ILNews

High court takes 2 cases

Back to TopCommentsE-mailPrint

The Indiana Supreme Court has taken a counterfeiting case and a case involving credit time that presents an issue of first impression, according to its latest transfer order.

The justices took two cases for the week ending Dec. 23 - An-Hung Yao and Yu-Ting Lin v. State of Indiana, No. 35S02-1112-CR-704, and Douglas Cottingham v. State of Indiana, No. 06S01-1112-CR-703.

In Yao, the Indiana Court of Appeals ordered counterfeiting and theft charges dropped against An-Hung Yao and Yu-Ting Lin, of Houston, because the Indiana trial court lacked territorial jurisdiction. The appellate court noted that there has only been a small number of cases in Indiana to address territorial jurisdiction, and all either held that there is no serious evidentiary dispute that Indiana has territorial jurisdiction or there is a serious evidentiary dispute requiring a jury determination.

“However, given that Indiana Code section 35-34-1-4(a)(10) provides that the trial court may dismiss an information if there is a jurisdictional impediment to the prosecution, we believe the converse of the rule announced in Ortiz (v. State, 766 N.E.2d 370, 374 (Ind. 2002)) is also true: if there is no serious evidentiary dispute that Indiana does not have territorial jurisdiction, the trial court may dismiss the information as a matter of law and the issue need not be submitted to the jury,” wrote Chief Judge Margret Robb.

In Cottingham, Douglas Cottingham appealed the order that he serve the remainder of his sentence incarcerated after he admitted to a probation violation. At the time his probation was revoked, he was serving home detention. The Court of Appeals affirmed, but it addressed his argument for recalculation of his credit time because it is an issue of first impression regarding recent amendments to Indiana Code 35-38-2.6-6. The statute was amended in 2010 to remove the exclusion of credit time for those in home detention.

The appellate court applied the doctrine of amelioration to the issue of good time credit for Cottingham while he was on home detention. The judges remanded for the trial court to determine his credit class for good time credit purposes during home detention, to calculate the good time credit to which he is entitled, and to adjust his sentence accordingly.

The justices denied transfer to 25 cases.  

 

ADVERTISEMENT

Post a comment to this story

COMMENTS POLICY
We reserve the right to remove any post that we feel is obscene, profane, vulgar, racist, sexually explicit, abusive, or hateful.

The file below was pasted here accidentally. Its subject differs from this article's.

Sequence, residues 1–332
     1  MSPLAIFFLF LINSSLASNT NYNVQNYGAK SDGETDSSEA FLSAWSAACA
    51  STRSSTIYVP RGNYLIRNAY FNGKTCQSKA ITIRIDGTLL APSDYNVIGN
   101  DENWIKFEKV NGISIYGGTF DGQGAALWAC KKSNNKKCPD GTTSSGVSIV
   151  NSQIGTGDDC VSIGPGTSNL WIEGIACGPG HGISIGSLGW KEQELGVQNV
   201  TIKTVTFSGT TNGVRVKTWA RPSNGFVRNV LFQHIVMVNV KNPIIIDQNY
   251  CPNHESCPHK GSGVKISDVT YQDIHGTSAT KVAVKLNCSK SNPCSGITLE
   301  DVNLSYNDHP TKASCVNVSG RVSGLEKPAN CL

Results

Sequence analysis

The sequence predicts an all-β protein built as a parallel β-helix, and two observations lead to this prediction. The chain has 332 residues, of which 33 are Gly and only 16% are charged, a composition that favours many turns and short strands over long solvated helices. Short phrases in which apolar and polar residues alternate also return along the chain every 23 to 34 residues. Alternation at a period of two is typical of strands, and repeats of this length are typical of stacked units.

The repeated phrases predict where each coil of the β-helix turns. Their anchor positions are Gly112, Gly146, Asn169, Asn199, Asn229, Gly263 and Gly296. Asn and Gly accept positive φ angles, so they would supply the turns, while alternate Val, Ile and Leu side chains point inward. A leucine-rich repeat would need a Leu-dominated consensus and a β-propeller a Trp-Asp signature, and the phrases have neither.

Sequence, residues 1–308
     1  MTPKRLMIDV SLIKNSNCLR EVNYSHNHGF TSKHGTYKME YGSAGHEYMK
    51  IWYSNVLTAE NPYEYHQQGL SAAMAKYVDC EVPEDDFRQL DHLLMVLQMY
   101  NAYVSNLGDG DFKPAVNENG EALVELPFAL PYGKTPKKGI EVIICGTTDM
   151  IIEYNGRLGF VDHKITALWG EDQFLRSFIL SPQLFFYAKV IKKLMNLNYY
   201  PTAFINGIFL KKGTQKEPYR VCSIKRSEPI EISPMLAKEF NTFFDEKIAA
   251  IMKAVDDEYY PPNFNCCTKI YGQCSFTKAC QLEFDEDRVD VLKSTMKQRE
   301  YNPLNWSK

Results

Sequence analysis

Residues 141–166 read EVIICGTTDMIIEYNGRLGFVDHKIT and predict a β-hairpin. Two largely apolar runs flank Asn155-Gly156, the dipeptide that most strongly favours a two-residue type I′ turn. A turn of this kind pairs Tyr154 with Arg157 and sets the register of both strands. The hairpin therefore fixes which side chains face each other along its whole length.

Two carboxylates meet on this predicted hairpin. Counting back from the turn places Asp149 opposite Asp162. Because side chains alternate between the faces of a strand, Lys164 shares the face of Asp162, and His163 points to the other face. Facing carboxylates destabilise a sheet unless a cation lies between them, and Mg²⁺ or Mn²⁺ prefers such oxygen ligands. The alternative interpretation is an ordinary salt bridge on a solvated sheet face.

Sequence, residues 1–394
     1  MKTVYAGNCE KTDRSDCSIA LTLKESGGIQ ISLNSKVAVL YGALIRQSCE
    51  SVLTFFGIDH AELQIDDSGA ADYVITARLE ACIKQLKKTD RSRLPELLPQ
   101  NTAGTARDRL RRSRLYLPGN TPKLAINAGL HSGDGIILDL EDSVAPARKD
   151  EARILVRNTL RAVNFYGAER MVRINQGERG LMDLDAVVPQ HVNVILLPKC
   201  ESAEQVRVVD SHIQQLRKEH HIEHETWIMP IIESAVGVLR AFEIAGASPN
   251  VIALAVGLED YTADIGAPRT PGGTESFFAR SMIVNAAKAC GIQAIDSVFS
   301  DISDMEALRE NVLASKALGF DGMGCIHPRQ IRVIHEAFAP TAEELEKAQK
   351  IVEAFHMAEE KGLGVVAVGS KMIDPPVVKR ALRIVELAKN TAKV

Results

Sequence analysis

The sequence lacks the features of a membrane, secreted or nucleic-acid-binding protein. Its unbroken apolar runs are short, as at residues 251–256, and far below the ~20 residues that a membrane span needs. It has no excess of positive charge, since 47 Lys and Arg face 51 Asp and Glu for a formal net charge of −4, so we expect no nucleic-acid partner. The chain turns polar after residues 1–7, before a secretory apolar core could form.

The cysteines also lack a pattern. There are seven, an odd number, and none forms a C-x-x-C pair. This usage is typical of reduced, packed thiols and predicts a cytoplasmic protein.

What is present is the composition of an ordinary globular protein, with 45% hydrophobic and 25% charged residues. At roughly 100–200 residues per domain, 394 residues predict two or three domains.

You are legally responsible for what you post and your anonymity is not guaranteed.
 
Posts that insult, defame, threaten, harass or abuse other readers or people mentioned in Indiana Lawyer editorial content are also subject to removal. Please respect the privacy of individuals and refrain from posting personal information.
 
No solicitations, spamming or advertisements are allowed. Readers may post links to other informational websites that are relevant to the topic at hand, but please do not link to objectionable material.
 
We may remove messages that are unrelated to the topic, encourage illegal activity, use all capital letters or are unreadable.
 

Messages that are flagged by readers as objectionable will be reviewed and may or may not be removed. Please do not flag a post simply because you disagree with it.

Sponsored by

facebook - twitter on Facebook & Twitter

Indiana State Bar Association

Indianapolis Bar Association

Evansville Bar Association

Allen County Bar Association

Indiana Lawyer on Facebook

facebook
ADVERTISEMENT
Subscribe to Indiana Lawyer
  1. Frankly, it is tragic that you are even considering going to an expensive, unaccredited "law school." It is extremely difficult to get a job with a degree from a real school. If you are going to make the investment of time, money, and tears into law school, it should not be to a place that won't actually enable you to practice law when you graduate.

  2. As a lawyer who grew up in Fort Wayne (but went to a real law school), it is not that hard to find a mentor in the legal community without your school's assistance. One does not need to pay tens of thousands of dollars to go to an unaccredited legal diploma mill to get a mentor. Having a mentor means precisely nothing if you cannot get a job upon graduation, and considering that the legal job market is utterly terrible, these students from Indiana Tech are going to be adrift after graduation.

  3. 700,000 to 800,000 Americans are arrested for marijuana possession each year in the US. Do we need a new justice center if we decriminalize marijuana by having the City Council enact a $100 fine for marijuana possession and have the money go towards road repair?

  4. I am sorry to hear this.

  5. I tried a case in Judge Barker's court many years ago and I recall it vividly as a highlight of my career. I don't get in federal court very often but found myself back there again last Summer. We had both aged a bit but I must say she was just as I had remembered her. Authoritative, organized and yes, human ...with a good sense of humor. I also appreciated that even though we were dealing with difficult criminal cases, she treated my clients with dignity and understanding. My clients certainly respected her. Thanks for this nice article. Congratulations to Judge Barker for reaching another milestone in a remarkable career.

ADVERTISEMENT